Mr. Obama’s higher-than-expected approval rating is surprising for two reasons. For one, since 2009 the economy has been in not a garden-variety recession, but a deep and prolonged slump. The economic measures in our model capture some of its characteristics — like unemployment — but not all, like the rise in long-term employment. Second, Mr. Obama’s race may also depress his approval rating. Studies of the 2008 election have found that Americans’ views of blacks were strongly associated with their views of Mr. Obama, and racial prejudice may have cost Mr. Obama about three points of vote share. Our model does not take account of race either, which is inevitable when there has been only one nonwhite president.

So why would Mr. Obama be more popular than the economy and other factors might predict? One possibility is his personal likeability. Despite the armchair diagnoses of some pundits, large majorities of Americans perceive him as warm, empathetic and a good communicator. Although many fewer Americans approve of his performance in office, perhaps his personal appeal has boosted his job approval among some Americans.

A second possibility concerns whom Americans blame for the economy. Based on some recent polling data, I found that Mr. Obama continues to receive less blame than George W. Bush for the country’s economic problems. If, hypothetically speaking, every American blamed Mr. Obama and Mr. Bush equally, his approval rating would be about 11 points lower — enough to erase the gap between actual and expected approval in the first graph above. Of course, “hypothetically speaking” is the best we can do, short of replaying history and having Americans blame Mr. Obama more.

Nevertheless, “the blame game” conceivably has something to do with why Mr. Obama has remained more popular than we might expect. And if his better-than-expected popularity continues, it might give him just enough of an edge to defeat Mitt Romney in what is likely to be a close election.
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  • Re: obama more popular than he should be?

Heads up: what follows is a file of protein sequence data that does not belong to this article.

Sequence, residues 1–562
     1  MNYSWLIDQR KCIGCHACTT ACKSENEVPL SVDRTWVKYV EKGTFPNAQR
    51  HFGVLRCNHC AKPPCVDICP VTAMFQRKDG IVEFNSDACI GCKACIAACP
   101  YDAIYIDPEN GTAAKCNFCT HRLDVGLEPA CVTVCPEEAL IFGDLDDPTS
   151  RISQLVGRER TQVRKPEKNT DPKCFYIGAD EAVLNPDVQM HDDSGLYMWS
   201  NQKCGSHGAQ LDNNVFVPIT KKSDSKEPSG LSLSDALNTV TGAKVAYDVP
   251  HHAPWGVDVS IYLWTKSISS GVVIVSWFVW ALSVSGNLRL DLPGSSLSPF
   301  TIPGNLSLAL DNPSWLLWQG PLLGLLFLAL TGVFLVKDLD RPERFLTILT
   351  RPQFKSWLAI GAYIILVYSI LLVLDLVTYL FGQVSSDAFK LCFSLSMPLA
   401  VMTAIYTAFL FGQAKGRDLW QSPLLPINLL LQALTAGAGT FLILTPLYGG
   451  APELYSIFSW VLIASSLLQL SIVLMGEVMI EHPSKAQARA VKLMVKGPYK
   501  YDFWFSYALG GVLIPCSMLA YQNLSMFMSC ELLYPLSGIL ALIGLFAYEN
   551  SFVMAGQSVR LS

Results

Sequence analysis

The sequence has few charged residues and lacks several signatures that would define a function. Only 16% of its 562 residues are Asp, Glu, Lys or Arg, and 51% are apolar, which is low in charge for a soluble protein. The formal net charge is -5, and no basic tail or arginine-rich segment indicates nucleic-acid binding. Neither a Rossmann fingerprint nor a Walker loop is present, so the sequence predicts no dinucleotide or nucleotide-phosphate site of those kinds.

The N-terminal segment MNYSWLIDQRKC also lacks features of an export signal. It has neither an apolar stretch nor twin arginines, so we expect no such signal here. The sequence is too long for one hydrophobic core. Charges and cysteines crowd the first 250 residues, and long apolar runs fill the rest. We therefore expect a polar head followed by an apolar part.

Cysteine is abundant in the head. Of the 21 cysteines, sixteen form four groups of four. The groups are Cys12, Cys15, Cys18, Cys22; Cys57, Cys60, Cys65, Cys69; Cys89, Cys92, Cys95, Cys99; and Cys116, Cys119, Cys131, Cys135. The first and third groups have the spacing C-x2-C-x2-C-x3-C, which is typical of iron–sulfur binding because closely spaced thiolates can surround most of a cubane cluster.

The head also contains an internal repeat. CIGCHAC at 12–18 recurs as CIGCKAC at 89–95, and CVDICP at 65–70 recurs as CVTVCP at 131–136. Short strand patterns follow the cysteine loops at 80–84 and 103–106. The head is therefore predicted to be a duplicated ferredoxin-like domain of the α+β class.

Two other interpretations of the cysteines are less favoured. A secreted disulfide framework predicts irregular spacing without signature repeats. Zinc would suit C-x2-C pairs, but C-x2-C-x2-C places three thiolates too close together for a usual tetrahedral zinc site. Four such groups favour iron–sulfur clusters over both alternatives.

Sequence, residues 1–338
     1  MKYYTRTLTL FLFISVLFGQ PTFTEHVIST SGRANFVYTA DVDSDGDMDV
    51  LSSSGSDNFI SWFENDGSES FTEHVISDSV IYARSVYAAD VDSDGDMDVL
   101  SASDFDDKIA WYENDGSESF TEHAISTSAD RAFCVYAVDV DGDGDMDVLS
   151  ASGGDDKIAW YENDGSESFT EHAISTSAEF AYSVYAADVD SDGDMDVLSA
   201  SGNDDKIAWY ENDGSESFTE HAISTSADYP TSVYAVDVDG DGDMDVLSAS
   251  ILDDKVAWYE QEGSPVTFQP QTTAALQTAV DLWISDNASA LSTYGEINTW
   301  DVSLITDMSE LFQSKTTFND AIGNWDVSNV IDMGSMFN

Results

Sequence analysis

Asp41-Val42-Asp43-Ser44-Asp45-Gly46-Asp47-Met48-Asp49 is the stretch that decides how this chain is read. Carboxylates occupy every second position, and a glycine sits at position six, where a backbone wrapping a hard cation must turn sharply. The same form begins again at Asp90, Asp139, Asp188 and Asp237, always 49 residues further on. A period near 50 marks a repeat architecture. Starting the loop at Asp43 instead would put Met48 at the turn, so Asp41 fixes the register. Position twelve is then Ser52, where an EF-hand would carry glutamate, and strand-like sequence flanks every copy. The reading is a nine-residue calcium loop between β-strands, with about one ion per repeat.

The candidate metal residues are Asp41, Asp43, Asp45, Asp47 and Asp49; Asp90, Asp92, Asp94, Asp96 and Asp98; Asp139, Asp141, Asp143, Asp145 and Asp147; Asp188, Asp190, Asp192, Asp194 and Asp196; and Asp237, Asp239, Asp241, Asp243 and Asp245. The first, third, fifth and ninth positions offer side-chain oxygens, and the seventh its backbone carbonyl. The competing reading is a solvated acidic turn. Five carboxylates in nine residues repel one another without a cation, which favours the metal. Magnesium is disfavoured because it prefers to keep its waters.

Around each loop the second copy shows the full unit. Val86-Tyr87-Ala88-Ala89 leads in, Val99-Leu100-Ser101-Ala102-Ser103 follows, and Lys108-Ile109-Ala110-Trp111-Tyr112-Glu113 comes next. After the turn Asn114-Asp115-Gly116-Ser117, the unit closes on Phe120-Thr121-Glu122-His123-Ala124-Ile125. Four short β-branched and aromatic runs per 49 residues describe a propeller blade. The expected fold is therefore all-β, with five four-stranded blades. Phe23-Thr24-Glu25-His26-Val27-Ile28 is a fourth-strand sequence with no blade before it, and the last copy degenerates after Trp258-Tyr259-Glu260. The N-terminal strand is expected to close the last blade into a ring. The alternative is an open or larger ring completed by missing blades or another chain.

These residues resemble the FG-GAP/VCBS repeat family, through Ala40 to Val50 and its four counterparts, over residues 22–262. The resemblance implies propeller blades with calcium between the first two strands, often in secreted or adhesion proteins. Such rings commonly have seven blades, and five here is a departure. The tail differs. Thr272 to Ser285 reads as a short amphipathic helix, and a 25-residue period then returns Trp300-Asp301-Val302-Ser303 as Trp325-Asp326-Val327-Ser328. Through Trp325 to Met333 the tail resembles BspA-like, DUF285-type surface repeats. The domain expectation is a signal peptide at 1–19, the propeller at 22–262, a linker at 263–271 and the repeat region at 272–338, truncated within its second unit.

Wed, May 9, 2012 - 8:10 AM
    May 8, 2012, 5:08 pm
    Is Obama More Popular Than He Should Be, Revisited

    In an earlier post, I noted that President Obama’s approval rating was higher than a model of presidential approval predicted — something that seemed to set him apart from previous presidents. In response, commenters here on FiveThirtyEight and The Monkey Cage (see also Jay Cost) noticed that, for most presidents from Dwight D. Eisenhower until Mr. Obama, the model’s predicted approval rating was consistently lower than the actual approval rating. In this post, I want to do four things:

    Describe why this was true.
    Report results from what I think is a better model.
    Demonstrate that my original point — Mr. Obama is more popular than expected — still holds, but to a lesser extent.
    Extend the analysis by showing that Mr. Obama’s “better-than-expected” popularity is due to his appeal among Democrats and independents, but not Republicans.

    First, why did the model seem to underestimate the approval of most presidents? The reason was how the model dealt with this fact: in addition to the systematic factors that influence presidential approval — economic indicators, for example — idiosyncratic factors will also influence approval. If we want to look at presidential approval from 1948 to 2008, then predict what Mr. Obama’s approval “should be,” how should we account for these idiosyncratic factors?

    In my earlier post, I did this by including a variable for each presidential administration from Eisenhower to George W. Bush. I did not include a variable for Harry S. Truman, since the model cannot have a set of factors that perfectly predict each other — and given that the presidential approval data start in 1948 and end in 2008, knowing that the president is not Eisenhower up through George W. Bush means that you can perfectly predict that it must be Truman. (See the “dummy variable trap.”) Instead, Truman’s approval rating would be reflected in the model’s intercept — that is, the estimated approval rating when the other variables in the model equal zero and when the president is none of Eisenhower through George W. Bush.

    The problem arises because the intercept is part of the prediction of Mr. Obama’s approval ratings. And because Truman was unpopular during his second term — on average, only 39 percent of Americans approved of him — the intercept is deflated. Thus, the model’s predictions for Mr. Obama and most other presidents would tend to be lower than their actual ratings, simply because most presidents have been (on average) more popular than was Truman during his second term. This is what commenters noticed. After further reflection, I believe this feature of the model was a mistake. I thank commenters for making me think harder about this. (And now might be a good time to remind readers, especially those reading via RSS, that the “I” is not Nate Silver but John Sides, a guest blogger.) This is a nice example of how online commentary about articles can generate important insights.